On June 5, 2020, the U.S. President signed into law the Paycheck Protection Program Flexibility Act (PPP Flexibility Act or Act) to provide businesses with greater flexibility and more time to maximize forgiveness of loans received under the Paycheck Protection Program (PPP), as enacted under the Coronavirus Aid, Relief, and Economic Security Act (as amended, supplemented or otherwise modified from time to time, including, without limitation, by the Paycheck Protection Program and Health Care Enhancement Act, applicable federal regulations and interpretive guidance issued by the SBA and Treasury, the CARES Act).
Continue Reading Paycheck Protection Program Flexibility Act: Major Changes to the PPP

*This post was updated on July 10, 2020.

Below please find a link to the Sheppard, Mullin, Richter & Hampton LLP (Sheppard Mullin) Paycheck Protection Program (PPP) Loan Forgiveness Estimator Workbook (the Workbook), which was created by and is the property of Sheppard Mullin.
Continue Reading Paycheck Protection Program: Loan Forgiveness Estimator Workbook

On May 15, 2020, the U.S. Department of Treasury (Treasury) and U.S. Small Business Administration (SBA) issued the Loan Forgiveness Application for borrowers to complete in order to apply for loan forgiveness under the Paycheck Protection Program Paycheck Protection Program (PPP), as enacted under the Coronavirus Aid, Relief, and Economic Security Act (as amended, supplemented or otherwise modified from time to time, including, without limitation, by the Paycheck Protection Program and Health Care Enhancement Act, applicable federal regulations and interpretive guidance issued by the SBA and Treasury, the CARES Act).  The Loan Forgiveness Application includes a loan forgiveness calculation form and related Schedule A worksheet as well as an optional PPP borrower demographic information form.

Highlights of what we believe to be material new guidance or clarification of existing guidance regarding PPP loan forgiveness are as follows:
Continue Reading Paycheck Protection Program: Key Features of the Loan Forgiveness Application

In the aftermath of the 9/11 attacks, the Appraisal Institute issued guidance to its MAI appraisers regarding the new challenges and limitations on rendering an opinion of real estate value in the wake of a disaster when markets are unstable or chaotic[1].  The Appraisal Institute identified the specific issues and assumptions that affect the appraiser’s ability to employ accepted standards and practices of valuation, going so far as to advise its MAI members that they should not accept assignments that require “competency beyond that of a real estate appraiser,” id., essentially saying that there can be so much uncertainty that MAI appraisers could not render an opinion compliant with accepted standards.  Given that Bankruptcy Courts require credible and admissible evidence of value at several stages of the Chapter 11 process, the absence of persuasive and credible evidence of value means that the party with the burden of proof on the specific valuation issue will fail to carry its burden and should be denied whatever relief  or outcome that  is being sought, perhaps affecting the outcome of the entire Chapter 11 case.  This article summarizes the challenges faced by bankruptcy judges and practitioners in this post-COVID-19 climate of uncertain real estate values.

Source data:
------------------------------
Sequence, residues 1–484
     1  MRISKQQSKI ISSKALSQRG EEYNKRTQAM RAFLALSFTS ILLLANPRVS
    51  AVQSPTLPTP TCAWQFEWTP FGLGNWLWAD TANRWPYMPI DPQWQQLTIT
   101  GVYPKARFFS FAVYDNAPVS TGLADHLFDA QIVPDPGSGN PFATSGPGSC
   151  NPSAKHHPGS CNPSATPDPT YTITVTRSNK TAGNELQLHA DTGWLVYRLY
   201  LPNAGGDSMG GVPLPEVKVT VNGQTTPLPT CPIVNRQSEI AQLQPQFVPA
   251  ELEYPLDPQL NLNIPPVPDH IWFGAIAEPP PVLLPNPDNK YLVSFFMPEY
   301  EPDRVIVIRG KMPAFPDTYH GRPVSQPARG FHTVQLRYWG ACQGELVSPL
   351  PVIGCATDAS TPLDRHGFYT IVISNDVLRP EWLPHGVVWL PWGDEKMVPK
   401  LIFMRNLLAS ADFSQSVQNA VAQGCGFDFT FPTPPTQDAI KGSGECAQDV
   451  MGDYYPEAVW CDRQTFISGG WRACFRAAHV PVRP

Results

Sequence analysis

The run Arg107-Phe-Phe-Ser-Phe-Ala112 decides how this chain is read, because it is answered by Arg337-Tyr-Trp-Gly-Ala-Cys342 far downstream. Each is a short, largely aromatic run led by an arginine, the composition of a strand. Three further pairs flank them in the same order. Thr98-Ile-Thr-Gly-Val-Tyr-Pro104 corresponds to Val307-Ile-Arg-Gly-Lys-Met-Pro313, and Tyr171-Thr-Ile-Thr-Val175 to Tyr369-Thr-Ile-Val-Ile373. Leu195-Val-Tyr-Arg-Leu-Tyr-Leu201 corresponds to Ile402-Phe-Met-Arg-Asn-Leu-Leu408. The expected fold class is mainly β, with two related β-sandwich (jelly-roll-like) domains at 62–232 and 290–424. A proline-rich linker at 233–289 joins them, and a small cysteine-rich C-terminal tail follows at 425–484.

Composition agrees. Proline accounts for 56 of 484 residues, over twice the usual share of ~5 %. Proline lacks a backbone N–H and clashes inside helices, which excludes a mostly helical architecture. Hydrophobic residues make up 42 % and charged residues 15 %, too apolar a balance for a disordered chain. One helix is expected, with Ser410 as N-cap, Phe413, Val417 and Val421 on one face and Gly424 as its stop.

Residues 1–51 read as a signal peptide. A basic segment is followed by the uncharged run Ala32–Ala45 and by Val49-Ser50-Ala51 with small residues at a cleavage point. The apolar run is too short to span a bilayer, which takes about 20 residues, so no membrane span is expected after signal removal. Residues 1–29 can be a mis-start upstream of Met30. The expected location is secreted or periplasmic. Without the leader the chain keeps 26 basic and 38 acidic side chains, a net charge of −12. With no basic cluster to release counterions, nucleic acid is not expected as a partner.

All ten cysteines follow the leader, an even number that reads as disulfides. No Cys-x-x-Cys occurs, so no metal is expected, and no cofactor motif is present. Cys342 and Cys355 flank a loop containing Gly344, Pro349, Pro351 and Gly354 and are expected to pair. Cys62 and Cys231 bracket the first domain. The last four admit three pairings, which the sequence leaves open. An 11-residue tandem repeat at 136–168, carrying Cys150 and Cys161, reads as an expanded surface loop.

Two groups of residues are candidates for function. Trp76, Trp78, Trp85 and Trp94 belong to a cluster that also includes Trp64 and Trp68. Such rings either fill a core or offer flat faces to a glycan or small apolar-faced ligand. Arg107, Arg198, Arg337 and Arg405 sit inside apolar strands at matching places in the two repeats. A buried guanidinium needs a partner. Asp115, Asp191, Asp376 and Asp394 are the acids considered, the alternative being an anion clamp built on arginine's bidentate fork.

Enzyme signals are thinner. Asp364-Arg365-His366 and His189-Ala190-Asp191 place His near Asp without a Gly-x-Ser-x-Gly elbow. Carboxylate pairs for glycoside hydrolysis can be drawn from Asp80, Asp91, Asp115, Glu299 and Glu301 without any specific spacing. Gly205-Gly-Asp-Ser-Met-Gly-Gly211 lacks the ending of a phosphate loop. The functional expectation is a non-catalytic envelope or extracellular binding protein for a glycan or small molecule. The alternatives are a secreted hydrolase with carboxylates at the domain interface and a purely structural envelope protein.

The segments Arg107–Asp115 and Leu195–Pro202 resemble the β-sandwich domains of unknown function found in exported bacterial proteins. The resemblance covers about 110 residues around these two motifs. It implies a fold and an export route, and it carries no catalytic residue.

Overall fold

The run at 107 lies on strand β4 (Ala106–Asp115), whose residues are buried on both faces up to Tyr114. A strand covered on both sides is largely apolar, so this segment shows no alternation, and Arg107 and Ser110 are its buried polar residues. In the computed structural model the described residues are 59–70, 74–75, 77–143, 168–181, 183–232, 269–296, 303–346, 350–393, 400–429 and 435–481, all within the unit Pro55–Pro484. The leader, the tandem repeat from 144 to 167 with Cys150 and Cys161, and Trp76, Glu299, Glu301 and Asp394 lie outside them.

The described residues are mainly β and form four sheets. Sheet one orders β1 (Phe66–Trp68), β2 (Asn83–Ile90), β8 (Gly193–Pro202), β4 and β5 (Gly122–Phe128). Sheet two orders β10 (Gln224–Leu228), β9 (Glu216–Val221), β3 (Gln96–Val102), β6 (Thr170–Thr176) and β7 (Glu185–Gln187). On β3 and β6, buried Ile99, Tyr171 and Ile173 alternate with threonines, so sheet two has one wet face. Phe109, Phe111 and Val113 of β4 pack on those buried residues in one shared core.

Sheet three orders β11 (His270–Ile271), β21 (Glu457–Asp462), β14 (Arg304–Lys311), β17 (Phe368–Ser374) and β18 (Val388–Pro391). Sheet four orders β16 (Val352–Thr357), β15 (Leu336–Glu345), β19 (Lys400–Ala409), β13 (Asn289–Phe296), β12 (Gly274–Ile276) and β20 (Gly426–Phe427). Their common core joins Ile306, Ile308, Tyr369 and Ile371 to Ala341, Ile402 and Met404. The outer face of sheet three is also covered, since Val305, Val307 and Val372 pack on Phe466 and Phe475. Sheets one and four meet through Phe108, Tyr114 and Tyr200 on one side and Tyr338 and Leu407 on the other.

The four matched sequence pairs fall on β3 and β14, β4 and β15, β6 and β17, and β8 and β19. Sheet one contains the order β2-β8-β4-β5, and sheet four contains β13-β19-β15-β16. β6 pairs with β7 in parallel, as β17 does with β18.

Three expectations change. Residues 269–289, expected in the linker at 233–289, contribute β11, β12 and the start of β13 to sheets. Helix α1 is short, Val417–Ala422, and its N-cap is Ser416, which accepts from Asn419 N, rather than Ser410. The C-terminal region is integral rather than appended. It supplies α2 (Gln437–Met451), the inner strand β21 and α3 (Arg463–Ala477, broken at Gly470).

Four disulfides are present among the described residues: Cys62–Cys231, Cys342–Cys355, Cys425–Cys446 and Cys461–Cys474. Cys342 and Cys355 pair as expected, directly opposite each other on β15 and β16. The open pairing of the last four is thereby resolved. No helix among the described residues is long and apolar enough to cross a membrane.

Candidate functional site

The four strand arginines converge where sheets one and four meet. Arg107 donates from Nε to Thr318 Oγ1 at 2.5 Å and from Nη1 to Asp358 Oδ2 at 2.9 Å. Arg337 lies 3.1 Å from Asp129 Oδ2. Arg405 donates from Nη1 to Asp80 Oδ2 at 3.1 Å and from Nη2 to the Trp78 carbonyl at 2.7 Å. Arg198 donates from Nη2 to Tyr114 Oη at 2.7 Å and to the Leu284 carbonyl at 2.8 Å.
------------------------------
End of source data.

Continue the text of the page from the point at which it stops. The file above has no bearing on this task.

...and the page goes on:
Continue Reading Post-COVID-19 Appraisals And The Burden Of Proof In Bankruptcy Cases

On May 13, 2020, the U.S. Department of Treasury (Treasury) and U.S. Small Business Administration (SBA) issued an updated Frequently Asked Questions fact sheet (FAQ)[1], which provides interpretative guidance on the Paycheck Protection Program (PPP), as enacted under the Coronavirus Aid, Relief, and Economic Security Act (CARES Act).[2]
Continue Reading Paycheck Protection Program: SBA Issues Further Guidance on its Review of the Economic Uncertainty Certification made by PPP Borrowers

The U.S. Department of Treasury (Treasury) and U.S. Small Business Administration (SBA) issued further interpretative guidance on the Paycheck Protection Program (PPP), as enacted under the Coronavirus Aid, Relief, and Economic Security Act (CARES Act), via (i) an updated Frequently Asked Questions fact sheet (FAQ)[1], which was last published on May 6, 2020 and (ii) the distribution of the Eighth Interim Final Rule[2] on May 5, 2020.[3]
Continue Reading Paycheck Protection Program: SBA Extends Prepayment Safe Harbor To May 14, 2020 and Issues Further Interpretive Guidance on Employee Head Count and Affiliation